Characterization of Particleboard Made from Oil Heat-Treated Rubberwood Particles at Different Mixing Ratios

Nurul Fatiha Osman, Paiman Bawon, Seng Hua Lee, Pakhriazad Hassan Zaki, Syeed SaifulAzry Osman Al-Edrus, Juliana Abdul Halip, Muhamad Suriadi Mohd Atkhar


Particleboard was produced by mixing oil heat-treated rubberwood particles at different ratios, with the goal of achieving high dimensional stability. Rubberwood particles were soaked in palm oil for 2 h and heat treated at 200 °C for 2 h. The treated particles were soaked in boiling water for 30 min to remove oil and were tested for chemical alteration and thermal characterization via Fourier-transform infrared spectroscopy and thermogravimetric analysis. Particleboard was fabricated by mixing treated rubberwood particles (30%, 50%, and 70%) with untreated particles (70%, 50%, and 30%, respective to previous percentages) and bonded with urea-formaldehyde (UF) resin. The results revealed that oil-heat treated particles had greater thermal stability than the untreated particles. The addition of oil heat treated particles improved the physical properties of the particleboard with no significant reduction in mechanical strength. However, this was only valid for ratios of 70% untreated to 30% treated and 50% untreated to 50% treated. When a ratio of 70% oil heat treated particles was used, both the physical and mechanical properties were reduced drastically, due to bonding interference caused by excessive oil content. Particleboard made with a ratio of 5:5 (treated to untreated) exhibited the best physical and mechanical properties.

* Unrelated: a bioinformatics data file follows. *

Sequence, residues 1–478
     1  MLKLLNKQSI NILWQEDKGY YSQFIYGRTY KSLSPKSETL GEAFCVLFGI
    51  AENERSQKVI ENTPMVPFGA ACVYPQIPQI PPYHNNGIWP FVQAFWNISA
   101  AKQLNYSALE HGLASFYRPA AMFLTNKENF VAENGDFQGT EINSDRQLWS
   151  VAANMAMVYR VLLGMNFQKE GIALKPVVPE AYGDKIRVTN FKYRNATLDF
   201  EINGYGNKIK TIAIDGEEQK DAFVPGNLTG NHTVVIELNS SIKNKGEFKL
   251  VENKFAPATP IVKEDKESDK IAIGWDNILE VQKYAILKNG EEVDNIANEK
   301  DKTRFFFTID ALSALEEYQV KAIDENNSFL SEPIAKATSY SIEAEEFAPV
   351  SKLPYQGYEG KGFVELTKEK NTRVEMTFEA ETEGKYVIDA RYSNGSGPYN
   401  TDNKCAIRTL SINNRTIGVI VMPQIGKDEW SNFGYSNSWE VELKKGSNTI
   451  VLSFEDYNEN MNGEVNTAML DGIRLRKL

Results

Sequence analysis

Oil heat treatment; Particleboard; Rubberwood; Palm oil; Green treatment

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